King came into the 2023 season under an injury cloud, missing the first nine weeks of the year with a bung shoulder (technical term… you can use it if ya want to) that required off-season surgery. This obviously prevented him from doing a lot of the work during the preseason and left him as a player that was lesser than he could have been.

He finished the season with a very respectable average of 2.55 goals per game, but that is just the tip of the iceberg in terms of what he is capable of. I know it, you know it… hell, everyone knows it. We all just want to see him put it all together.

Max King has the potential to win the Coleman Medal. He has the potential to be the most feared offensive weapon in the competition. If he gets a run at the footy and is able to leap at it, you either get into his body and run the risk of giving away a free kick, or you reach as high as you can and try to spoil (again risking a free kick for the arm chop – you’re not going to reach high enough to cleanly spoil). Either way, it takes an exceptionally gifted athlete to match him in the air, so the bulk of the work done to engage him is done very early to put him off his line and prevent him from leaping at the footy. It’s one thing to say it is King’s responsibility to get separation and launch at the footy, but his success relies as much on his teammates blocking for him and putting a bit of pressure on his direct opponent as it does on King leaping and clunking grabs.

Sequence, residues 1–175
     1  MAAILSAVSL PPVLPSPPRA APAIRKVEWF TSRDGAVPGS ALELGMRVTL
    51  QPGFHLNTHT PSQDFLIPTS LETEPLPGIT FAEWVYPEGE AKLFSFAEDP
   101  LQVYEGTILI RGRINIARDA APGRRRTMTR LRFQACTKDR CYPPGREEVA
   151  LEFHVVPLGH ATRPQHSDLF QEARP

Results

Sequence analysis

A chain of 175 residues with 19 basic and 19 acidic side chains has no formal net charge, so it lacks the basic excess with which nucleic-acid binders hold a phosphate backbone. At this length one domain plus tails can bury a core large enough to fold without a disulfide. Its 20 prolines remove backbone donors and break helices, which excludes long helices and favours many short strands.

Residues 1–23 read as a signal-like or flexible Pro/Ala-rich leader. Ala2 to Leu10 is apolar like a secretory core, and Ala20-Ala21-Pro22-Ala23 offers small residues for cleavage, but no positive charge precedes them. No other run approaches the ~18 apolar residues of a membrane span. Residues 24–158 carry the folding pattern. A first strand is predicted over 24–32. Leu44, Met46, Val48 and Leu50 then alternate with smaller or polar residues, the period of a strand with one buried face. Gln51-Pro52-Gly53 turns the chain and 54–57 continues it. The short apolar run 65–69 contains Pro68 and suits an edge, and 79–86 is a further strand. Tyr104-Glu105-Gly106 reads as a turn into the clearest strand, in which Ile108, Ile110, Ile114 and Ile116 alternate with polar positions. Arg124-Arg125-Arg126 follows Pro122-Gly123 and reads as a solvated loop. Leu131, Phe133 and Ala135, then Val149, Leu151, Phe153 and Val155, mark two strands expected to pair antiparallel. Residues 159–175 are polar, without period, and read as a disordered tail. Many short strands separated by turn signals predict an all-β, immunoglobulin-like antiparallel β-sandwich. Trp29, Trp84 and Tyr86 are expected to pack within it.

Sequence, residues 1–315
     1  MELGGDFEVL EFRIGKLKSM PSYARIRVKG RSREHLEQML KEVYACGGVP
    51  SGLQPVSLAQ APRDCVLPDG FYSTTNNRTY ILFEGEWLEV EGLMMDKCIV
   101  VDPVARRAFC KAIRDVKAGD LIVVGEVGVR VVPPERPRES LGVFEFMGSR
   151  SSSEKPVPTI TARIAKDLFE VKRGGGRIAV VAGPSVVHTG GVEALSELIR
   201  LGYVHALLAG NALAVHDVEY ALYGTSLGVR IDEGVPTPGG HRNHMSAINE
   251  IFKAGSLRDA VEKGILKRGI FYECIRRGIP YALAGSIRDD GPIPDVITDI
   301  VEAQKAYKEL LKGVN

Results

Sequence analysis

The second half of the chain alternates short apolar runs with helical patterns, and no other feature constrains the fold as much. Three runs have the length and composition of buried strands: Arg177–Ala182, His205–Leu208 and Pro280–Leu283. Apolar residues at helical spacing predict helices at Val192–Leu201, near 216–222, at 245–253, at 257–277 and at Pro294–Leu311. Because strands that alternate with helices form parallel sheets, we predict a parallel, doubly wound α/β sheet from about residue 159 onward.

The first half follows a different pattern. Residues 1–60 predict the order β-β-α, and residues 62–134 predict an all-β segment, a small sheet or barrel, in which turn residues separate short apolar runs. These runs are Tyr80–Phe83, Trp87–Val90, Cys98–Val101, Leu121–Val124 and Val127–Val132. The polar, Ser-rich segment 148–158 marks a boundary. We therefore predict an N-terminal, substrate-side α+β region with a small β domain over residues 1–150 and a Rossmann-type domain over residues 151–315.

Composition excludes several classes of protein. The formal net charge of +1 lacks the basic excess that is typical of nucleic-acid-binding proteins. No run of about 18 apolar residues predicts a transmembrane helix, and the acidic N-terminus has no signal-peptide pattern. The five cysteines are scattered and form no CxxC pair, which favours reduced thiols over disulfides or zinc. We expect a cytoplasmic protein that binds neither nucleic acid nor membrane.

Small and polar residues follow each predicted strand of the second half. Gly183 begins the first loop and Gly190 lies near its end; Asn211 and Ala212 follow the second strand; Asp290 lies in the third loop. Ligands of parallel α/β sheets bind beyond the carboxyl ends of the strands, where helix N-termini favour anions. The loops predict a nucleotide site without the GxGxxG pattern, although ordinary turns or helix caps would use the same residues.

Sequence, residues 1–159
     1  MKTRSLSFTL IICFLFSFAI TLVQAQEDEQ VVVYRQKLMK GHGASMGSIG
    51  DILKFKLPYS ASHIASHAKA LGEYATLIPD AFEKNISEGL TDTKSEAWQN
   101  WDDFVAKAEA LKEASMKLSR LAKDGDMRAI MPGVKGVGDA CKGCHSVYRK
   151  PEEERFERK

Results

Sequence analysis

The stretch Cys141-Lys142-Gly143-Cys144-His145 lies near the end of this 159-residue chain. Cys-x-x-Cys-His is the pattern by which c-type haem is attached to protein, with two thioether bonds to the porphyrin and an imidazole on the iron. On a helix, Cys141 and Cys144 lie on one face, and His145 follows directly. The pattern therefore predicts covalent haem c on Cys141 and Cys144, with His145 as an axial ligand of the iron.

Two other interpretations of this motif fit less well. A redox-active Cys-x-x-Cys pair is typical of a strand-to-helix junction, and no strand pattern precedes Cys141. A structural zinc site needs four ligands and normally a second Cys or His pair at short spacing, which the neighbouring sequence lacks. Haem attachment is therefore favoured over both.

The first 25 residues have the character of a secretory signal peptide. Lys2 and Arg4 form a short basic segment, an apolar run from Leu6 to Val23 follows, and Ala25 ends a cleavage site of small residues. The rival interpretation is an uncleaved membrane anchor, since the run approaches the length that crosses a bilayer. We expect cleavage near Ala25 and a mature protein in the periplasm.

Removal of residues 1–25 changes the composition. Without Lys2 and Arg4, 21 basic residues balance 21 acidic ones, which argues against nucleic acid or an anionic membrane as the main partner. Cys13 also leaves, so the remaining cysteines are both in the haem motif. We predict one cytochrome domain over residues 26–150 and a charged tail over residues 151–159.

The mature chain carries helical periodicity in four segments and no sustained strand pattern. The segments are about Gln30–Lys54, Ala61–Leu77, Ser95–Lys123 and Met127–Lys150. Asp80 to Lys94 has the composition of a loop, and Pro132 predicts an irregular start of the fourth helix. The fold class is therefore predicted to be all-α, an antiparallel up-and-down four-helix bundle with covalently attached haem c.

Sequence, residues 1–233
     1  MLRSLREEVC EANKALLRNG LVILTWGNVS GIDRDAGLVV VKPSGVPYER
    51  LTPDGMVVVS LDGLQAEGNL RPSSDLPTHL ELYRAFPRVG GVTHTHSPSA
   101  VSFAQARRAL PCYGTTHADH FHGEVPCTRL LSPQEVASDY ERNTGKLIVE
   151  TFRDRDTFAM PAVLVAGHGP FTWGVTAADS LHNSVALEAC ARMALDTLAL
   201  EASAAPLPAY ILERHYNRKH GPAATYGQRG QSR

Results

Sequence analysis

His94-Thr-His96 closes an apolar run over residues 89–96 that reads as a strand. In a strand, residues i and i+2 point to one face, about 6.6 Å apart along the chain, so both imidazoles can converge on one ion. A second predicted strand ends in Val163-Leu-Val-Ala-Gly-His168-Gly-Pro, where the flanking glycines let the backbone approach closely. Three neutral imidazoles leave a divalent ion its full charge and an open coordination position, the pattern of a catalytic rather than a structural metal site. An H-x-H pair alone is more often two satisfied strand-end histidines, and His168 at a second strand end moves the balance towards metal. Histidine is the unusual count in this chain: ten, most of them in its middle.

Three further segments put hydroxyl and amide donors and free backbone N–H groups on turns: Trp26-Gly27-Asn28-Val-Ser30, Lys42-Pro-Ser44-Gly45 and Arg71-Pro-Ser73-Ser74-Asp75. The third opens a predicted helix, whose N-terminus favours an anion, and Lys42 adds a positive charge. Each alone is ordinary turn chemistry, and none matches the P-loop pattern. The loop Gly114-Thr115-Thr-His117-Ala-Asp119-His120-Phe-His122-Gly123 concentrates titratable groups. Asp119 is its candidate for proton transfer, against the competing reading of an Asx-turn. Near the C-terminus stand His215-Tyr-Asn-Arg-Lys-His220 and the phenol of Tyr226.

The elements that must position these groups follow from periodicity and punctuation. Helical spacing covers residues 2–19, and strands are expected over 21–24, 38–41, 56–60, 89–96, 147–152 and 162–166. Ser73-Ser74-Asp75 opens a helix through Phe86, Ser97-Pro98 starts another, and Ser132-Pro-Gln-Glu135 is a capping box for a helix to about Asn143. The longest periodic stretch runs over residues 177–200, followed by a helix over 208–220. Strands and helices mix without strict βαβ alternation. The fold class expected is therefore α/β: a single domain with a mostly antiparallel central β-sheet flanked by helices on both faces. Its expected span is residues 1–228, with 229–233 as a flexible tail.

As much as I wrapped up the efforts of the young St Kilda forwards above, King is central to any plans Ross Lyon has for this club.

At 23 years of age, King (and his Gold Coast brethren, for that matter) is poised to take the big step this season. He already has a 50-goal year under his belt (2022) but given what we saw from an underdone version of him in 2023, we should be eyeing off 65-70 goals this season.

King is still a beanpole, but he is a lot stronger than he was when he kicked 50 back in 2022. Whilst we’re not talking Wayne Carey-like levels of power in one-on-one contests, he is now at the point where he should be able to match strength with most full-backs in the game, save the absolute best.

With Tim Membrey working back, Mattaes Phillipou, Anthony Caminiti, Mitch Owens, and Cooper Sharman on deck to provide aerial support (and perhaps capitalise on the gravitational pull of King when it comes to defenders), the Saints have the forward line to cause some real headaches.

Ross Lyon has not coached a big man as impressive as King since he had a blonde fella wearing number 12 running around for him. Let’s see if he can make the most of what King has at his disposal.


As mentioned above, the first five questions are free – the next 14-15 are for our members. Yep, I believe my work is worth twenty-five cents per day. If you don’t, that’s fine. You’re welcome to join and keep reading